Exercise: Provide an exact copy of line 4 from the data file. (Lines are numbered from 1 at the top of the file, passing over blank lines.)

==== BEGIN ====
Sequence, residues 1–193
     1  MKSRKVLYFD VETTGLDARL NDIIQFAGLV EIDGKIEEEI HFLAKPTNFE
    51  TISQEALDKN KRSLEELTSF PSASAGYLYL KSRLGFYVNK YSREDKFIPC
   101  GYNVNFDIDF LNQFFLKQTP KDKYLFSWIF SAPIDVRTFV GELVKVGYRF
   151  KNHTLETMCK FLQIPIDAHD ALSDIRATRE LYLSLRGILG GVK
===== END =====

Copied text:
   101  GYNVNFDIDF LNQFFLKQTP KDKYLFSWIF SAPIDVRTFV GELVKVGYRF